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Archive for Saturday, July 16, 2005

Fathers play critical role in their children’s lives

July 16, 2005

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Q: Why don't behavioral scientists see the important need for a father to be an active component in a son's life and report their findings to us?

A: Behavioral scientists have only recently begun to understand how critical fathers are to the healthy development of both boys and girls. According to psychiatrist Kyle Pruett, the author of "Fatherneed" (Broadway Books, $13), dads are as important to children as moms, but in a different way. Here are other surprising findings that have emerged from careful research on the role of fathers:

¢ There is an undeniable linkage between fathers and babies beginning at birth.

¢ Infants as young as 6 weeks old can differentiate between a mother's and a father's voice.

¢ By 8 weeks, babies can distinguish between their mother's and their father's caretaking methods.

¢ Infants are born with a drive to find and connect to their fathers. As they begin to speak, their word for "father" often precedes their word for "mother." The reasons for this are unknown.

¢ Toddlers are especially obvious in their assertions of "fatherneed": They will seek out their father, ask for him when he's not present, be fascinated when he talks to them on the phone, and investigate every part of his body if allowed.

¢ Teenagers express fatherneed in yet more complex ways, competing with their father and confronting his values, beliefs and, of course, limits. For so many sons and daughters, it is only at the death of the father that they discover the intensity and longevity of their fatherneed, especially when it has gone begging.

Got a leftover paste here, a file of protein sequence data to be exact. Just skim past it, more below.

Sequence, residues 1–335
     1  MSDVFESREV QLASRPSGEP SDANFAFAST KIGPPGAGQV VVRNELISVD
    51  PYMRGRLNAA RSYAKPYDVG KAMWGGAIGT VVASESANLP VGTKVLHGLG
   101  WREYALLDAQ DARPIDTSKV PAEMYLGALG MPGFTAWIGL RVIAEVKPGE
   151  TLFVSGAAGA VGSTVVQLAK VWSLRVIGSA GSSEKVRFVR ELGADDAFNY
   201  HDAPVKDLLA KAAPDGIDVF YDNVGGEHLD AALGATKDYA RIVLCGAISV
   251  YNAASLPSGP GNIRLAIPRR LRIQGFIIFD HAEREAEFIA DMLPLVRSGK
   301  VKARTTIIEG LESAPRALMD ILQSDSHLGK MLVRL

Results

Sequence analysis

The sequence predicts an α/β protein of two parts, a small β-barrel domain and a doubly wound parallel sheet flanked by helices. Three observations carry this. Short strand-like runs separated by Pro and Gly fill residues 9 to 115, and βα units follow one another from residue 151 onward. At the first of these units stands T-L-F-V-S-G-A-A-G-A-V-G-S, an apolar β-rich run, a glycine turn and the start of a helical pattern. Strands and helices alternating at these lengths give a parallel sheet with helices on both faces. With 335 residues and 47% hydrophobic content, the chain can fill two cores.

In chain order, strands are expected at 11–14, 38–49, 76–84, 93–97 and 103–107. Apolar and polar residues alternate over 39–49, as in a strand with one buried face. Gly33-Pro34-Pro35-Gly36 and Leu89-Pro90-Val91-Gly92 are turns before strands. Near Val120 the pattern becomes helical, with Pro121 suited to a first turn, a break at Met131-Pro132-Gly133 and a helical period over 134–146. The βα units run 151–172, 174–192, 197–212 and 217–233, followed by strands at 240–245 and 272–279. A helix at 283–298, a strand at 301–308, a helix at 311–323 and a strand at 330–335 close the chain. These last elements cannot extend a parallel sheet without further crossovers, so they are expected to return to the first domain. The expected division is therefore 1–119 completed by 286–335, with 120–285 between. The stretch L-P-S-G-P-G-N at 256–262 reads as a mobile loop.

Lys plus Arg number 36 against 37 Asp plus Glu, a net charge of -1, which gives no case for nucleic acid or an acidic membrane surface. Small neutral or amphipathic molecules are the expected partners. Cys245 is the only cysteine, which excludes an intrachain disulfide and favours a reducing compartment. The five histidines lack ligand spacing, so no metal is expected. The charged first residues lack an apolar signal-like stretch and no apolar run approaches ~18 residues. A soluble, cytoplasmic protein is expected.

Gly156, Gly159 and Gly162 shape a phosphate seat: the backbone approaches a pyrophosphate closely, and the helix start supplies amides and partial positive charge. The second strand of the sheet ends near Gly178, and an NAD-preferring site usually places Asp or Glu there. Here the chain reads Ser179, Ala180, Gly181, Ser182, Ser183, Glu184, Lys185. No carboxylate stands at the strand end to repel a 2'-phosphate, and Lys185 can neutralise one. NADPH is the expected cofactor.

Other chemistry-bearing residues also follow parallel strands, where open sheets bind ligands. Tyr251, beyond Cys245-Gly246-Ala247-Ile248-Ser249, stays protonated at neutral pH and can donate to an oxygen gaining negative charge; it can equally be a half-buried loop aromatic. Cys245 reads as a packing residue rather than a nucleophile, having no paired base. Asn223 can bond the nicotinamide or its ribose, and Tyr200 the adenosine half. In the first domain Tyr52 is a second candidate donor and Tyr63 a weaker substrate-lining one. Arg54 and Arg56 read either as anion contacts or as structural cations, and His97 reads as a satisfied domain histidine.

While children of all ages - both male and female - have an innate need for contact with their fathers, let me emphasize again that boys suffer most from the absence or noninvolvement of fathers. According to the National Center for Children in Poverty, boys without fathers are twice as likely to drop out of school, twice as likely to go to jail, and nearly four times as likely to need treatment for emotional and behavioral problems as boys with fathers.

Repeatedly during my review of the latest research for this book, I came face-to-face with the same disturbing issue. Boys are in trouble today primarily because their parents, and especially their dads, are distracted, overworked, harassed, exhausted, uninterested, chemically dependent, divorced or simply unable to cope.

As indicated above, all other problems plaguing young males flow from (or are related to) these facts of life in the 21st century. Chief among our concerns is the absence of masculine role modeling and mentoring that dads should be providing.

Mothers, who also tend to be living on the ragged edge, are left to do a job for which they have had little training or experience. Having never been boys, women often have only a vague notion of how to go about rearing one. Boys are the big losers when families splinter.

The National Center on Addiction and Substance Abuse at Columbia University found that children living in two-parent families who had only a fair or poor relationship with their fathers were at 68 percent higher risk of smoking, drinking and drug usage than teens having a good or excellent relationship with dads.

By comparison, children growing up in a home headed by a single mother who had an excellent relationship with their mothers had a 62 percent lower risk of abusing substances than children living in a two-parent family with a fair or poor relationship with their father. The influence of a good father can hardly be overemphasized.

Dr. William Pollock, Harvard psychologist and author of "Real Boys" (Owl Books, $15), concludes that divorce is difficult for children of both sexes, but it is devastating for males. He says the basic problem is the lack of discipline and supervision in the father's absence and his unavailability to teach what it means to be a man. Pollock also believes fathers are crucial in helping boys to manage their emotions. As we have seen, without the guidance and direction of a father, a boy's frustration often leads to varieties of violence and other antisocial behavior.

- James Dobson is chairman of the board for Focus on the Family, a nonprofit organization dedicated to the preservation of the home.

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